Style and Technique

(Comprehensive Guide to Short Stories, Critical Edition)

In “The Rainy Moon,” the writer’s style and the character of the narrator-author are practically indistinguishable. Both are reticent, seemingly disinterested, and intuitive.

Colette’s style is reticent because, although she offers many details about her personal life, the reader nevertheless completes the story feeling as though he or she really knows very little about her. With scant preamble, she makes a baldly honest and self-astute comment such as “ . . . a solitude that bore no resemblance to peace had wiped all the life and charm out of my face.” Then she withdraws from her statement as precipitously as she introduced it, leaving the reader to speculate on why she was solitary and discontent. Just as Colette the character does not bother to share with Rosita the astonishing discovery that she used to inhabit this very apartment, neither does the narrator Colette share explanations with the reader. Her reticence implies that some things are inexplicable, while other things are explicable yet better left unexplained.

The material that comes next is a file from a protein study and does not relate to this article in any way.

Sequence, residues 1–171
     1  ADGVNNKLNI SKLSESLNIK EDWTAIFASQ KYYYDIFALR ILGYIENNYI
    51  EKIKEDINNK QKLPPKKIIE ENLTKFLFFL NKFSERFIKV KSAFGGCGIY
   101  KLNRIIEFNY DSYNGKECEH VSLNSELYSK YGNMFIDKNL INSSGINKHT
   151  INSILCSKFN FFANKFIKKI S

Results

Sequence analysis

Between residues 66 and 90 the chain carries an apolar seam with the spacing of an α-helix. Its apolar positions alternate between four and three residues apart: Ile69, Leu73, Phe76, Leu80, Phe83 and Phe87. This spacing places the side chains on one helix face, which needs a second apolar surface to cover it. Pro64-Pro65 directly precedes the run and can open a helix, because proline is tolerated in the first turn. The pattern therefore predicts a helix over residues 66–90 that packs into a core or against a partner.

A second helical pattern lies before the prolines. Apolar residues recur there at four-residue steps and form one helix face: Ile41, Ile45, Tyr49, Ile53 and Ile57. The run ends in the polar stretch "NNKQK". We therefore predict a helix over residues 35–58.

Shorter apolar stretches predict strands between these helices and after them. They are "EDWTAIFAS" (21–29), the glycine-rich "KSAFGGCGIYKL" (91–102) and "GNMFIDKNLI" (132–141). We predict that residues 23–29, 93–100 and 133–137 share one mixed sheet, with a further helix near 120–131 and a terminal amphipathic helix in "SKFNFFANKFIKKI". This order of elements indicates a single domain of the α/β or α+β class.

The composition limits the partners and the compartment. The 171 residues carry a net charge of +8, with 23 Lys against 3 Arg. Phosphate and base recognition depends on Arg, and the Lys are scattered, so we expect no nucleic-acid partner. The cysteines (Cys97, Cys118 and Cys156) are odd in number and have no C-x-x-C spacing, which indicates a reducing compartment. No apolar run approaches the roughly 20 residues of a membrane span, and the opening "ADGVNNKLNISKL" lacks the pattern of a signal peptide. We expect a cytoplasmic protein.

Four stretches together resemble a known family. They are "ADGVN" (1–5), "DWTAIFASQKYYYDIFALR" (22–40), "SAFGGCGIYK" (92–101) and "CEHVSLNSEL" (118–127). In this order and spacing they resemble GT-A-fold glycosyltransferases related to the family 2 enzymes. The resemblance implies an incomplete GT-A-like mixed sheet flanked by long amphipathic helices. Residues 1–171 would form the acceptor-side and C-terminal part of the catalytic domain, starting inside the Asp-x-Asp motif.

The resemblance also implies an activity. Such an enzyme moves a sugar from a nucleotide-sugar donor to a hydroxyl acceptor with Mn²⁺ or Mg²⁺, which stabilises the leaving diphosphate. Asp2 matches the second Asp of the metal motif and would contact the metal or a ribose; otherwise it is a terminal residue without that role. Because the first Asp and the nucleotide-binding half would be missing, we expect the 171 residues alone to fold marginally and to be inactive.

Feigning disinterest, the author barges into Delia’s bedroom on the pretext of aiding the young woman. However, her true purpose is to satisfy her own curiosity about this virtual specter of her former self. Similarly, Colette’s style is superficially disinterested. She renders a seemingly dispassionate and cool record of events; yet there is an undercurrent of deep sensitivity, if not deep emotionality, constantly held in check, running through her work. Her disinterest is but a facade; no one in the story has greater emotional investment in the events in the Barberet apartment than does the author.

Finally, Colette is an intuitive writer rather than an empirical one. Some of her intuitive flights could be termed “digressions.” In the middle of recounting the Barberet tale, she suddenly talks of the pleasantness of picnics in the Bois, her mother’s perspective-restoring visit, or an eventless dinner in a neighborhood café. Although ostensibly discursions, these snapshots serve several important purposes. Scenes of normalcy provide contrast for the culminating evil in the Barberet apartment and, at the same time, add to the tale a journal-like realism, intimating that, no, this is not a contrived story but simply a diary of events. Ideally, these “digressions” beguile the reader into identifying with the author’s “normal” life, then whisper to him or her, See what eerie and unexplainable things lurk close to you.